Dr. David Hyndman
Dr. David Hyndman, a geoscientist with 25 years of experience as a researcher, educator and academic administrator, has been named dean of the School of Natural Sciences and Mathematics at The University of Texas at Dallas, effective Feb. 1.
Before joining UT Dallas, Hyndman was professor and chair of the Department of Earth and Environmental Sciences in the College of Natural Science at Michigan State University. He received his undergraduate degree in hydrology and water resources from the University of Arizona and his master’s and doctoral degrees in hydrogeology from Stanford University.
Hyndman is an expert in hydrogeology, the study of groundwater that includes how water gets into the ground, how it moves under the surface, and how it interacts with the surrounding soil and rock. His research focuses on developing novel methods to characterize the aquifers that store and transmit water supplies critical to human and ecological health, and quantifying how human activity, such as changes in climate and land use, impact the water cycle. His research involves coupling novel models with high-resolution field data to explore the physical, chemical and ecological processes in natural and anthropogenically altered systems.
Funding for Hyndman’s research has included grants from the National Science Foundation, NASA and the U.S. Department of Agriculture.
“I am honored to join the strong and collaborative leadership team as dean of the School of Natural Sciences and Mathematics at UT Dallas,” Hyndman said. “I have been impressed by the exceptional growth trajectory of the University and the positive and forward-thinking views of everyone I met during the interview. I look forward to working with faculty, staff, students, alumni and administrators to advance UTD’s future.”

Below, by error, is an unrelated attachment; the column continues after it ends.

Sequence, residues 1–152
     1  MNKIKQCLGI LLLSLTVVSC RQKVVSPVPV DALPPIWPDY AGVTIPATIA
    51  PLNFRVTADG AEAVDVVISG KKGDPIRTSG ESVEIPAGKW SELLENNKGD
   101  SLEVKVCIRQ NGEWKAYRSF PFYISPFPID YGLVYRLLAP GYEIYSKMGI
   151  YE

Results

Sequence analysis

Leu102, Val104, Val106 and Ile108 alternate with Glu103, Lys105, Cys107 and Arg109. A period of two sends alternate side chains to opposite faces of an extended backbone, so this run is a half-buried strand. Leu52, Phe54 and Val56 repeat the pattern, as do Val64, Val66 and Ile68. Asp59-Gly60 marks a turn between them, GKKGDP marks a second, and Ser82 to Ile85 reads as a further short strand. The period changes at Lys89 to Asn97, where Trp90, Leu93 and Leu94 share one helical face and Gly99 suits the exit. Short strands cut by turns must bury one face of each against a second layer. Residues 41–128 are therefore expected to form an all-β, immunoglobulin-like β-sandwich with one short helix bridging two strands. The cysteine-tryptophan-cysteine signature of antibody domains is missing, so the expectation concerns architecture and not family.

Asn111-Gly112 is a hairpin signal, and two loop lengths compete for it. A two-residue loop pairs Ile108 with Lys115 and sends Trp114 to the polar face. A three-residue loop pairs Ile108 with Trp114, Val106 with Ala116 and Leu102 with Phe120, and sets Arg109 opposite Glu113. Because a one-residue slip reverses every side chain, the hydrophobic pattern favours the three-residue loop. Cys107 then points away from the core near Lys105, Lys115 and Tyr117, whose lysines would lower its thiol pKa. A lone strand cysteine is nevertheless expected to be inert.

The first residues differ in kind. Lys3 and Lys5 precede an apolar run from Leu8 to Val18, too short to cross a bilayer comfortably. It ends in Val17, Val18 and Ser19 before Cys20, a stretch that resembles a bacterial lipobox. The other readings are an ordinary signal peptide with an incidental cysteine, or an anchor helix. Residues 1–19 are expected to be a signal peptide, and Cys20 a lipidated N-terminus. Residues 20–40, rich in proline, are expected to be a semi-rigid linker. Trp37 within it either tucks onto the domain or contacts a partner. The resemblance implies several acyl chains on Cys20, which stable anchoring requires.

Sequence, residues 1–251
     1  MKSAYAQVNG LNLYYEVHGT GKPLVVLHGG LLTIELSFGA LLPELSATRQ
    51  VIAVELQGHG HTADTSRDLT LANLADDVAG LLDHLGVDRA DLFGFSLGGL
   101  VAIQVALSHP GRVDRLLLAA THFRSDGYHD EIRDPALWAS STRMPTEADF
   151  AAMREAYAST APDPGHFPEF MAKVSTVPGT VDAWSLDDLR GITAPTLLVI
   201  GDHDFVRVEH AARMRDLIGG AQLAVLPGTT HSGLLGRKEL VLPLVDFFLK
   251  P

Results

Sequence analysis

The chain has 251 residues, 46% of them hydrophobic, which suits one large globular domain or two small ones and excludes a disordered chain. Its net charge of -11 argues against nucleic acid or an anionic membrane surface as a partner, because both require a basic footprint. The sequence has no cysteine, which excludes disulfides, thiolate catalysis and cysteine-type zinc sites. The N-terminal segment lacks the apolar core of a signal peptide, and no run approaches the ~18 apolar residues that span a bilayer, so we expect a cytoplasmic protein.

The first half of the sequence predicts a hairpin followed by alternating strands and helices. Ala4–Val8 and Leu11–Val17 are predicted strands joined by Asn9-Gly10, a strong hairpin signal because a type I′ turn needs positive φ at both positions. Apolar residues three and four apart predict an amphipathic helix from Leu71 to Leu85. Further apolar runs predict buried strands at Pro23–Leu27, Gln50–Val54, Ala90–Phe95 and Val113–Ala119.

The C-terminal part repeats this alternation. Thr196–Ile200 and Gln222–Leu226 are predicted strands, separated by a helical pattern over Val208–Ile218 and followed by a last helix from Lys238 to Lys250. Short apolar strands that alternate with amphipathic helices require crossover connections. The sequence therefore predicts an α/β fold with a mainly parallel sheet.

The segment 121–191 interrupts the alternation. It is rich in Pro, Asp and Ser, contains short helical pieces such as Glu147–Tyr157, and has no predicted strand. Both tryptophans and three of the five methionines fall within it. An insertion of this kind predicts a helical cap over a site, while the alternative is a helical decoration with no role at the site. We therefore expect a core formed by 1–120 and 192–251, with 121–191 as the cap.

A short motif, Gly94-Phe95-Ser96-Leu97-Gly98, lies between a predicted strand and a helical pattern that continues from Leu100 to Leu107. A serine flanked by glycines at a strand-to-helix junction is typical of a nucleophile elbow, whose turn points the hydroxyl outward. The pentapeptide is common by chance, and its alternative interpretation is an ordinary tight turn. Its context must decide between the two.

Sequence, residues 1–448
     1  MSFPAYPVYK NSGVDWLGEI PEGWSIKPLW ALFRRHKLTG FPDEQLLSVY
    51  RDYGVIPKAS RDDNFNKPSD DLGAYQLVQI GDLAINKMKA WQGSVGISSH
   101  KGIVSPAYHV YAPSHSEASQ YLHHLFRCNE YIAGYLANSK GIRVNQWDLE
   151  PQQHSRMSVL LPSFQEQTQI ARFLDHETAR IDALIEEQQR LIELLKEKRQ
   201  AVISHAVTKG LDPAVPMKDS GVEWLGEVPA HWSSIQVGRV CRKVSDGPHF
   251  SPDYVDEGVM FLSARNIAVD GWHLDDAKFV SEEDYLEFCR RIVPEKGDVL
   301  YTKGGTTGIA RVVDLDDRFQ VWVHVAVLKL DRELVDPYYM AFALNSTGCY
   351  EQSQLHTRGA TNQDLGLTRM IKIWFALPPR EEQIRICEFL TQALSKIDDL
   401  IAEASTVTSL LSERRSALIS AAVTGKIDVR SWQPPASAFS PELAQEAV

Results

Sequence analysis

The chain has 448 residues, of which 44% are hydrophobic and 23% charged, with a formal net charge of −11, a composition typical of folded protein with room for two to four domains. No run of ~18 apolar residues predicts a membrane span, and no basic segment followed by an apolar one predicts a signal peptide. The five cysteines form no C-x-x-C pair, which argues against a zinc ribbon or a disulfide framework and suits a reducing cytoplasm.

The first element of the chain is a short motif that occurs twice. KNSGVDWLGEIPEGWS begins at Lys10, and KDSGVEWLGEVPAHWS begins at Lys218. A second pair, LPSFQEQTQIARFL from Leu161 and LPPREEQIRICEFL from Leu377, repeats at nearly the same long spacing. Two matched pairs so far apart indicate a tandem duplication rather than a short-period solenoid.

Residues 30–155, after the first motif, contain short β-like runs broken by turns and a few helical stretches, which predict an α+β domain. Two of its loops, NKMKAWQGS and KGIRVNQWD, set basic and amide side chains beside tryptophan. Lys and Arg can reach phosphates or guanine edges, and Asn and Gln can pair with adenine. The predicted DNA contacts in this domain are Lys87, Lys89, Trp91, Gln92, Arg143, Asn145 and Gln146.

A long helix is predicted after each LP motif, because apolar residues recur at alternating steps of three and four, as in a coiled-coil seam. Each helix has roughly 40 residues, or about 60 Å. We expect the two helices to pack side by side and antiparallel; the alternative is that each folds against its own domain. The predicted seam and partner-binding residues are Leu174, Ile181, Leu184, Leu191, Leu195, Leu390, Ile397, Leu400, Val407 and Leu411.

“Dr. Hyndman’s record of leadership in research, teaching, service, and faculty and alumni engagement shows a shared commitment to these principles that make him an excellent choice to lead the school and contribute to the success of the University.”
Dr. Inga Musselman, UT Dallas provost
Hyndman worked as a hydrologist for the U.S. Geological Survey before joining Michigan State as an assistant professor in 1995. There, he rose to the rank of professor in 2008, and from 2010 to 2020 served as department chair. During his decade of leadership, he successfully led the revitalization of the department by adding tenure-system faculty, growing research programs, enhancing curriculum with study-abroad opportunities and increasing alumni endowments.
In addition to more than 100 peer-reviewed journal articles, Hyndman has published a textbook, Natural Hazards and Disasters, now in its fifth edition, which he co-wrote with his father, Dr. Donald Hyndman.
In 2002, Hyndman was the Henry Darcy Distinguished Lecturer in Groundwater Science for the National Ground Water Association, and in 2006 he was elected a fellow of the Geological Society of America. He served as associate editor of the journals Water Resources Research from 2000 to 2002 and from 2004 to 2005, and of Groundwater from 1997 to 2011.
“A commitment to research and education in the natural sciences and mathematics was a cornerstone of UT Dallas’ genesis in 1969, and that commitment to excellence in the School of Natural Sciences and Mathematics continues to be integral to our identity as a national research university,” said Dr. Inga Musselman, UT Dallas provost, vice president for academic affairs and the Cecil H. Green Distinguished Chair of Academic Leadership. “Dr. Hyndman’s record of leadership in research, teaching, service, and faculty and alumni engagement shows a shared commitment to these principles that make him an excellent choice to lead the school and contribute to the success of the University.”
The School of Natural Sciences and Mathematics includes the departments of Biological Sciences, Chemistry and Biochemistry, Geosciences, Mathematical Sciences, Physics, and Science/Mathematics Education.
Hyndman’s appointment follows a national search after Dr. Bruce Novak, professor of chemistry, resumed regular faculty duties in 2020 after serving eight years as dean of the school. Dr. A. Dean Sherry, professor of chemistry and the Cecil H. and Ida Green Distinguished Chair in Systems Biology, served as the school’s interim dean.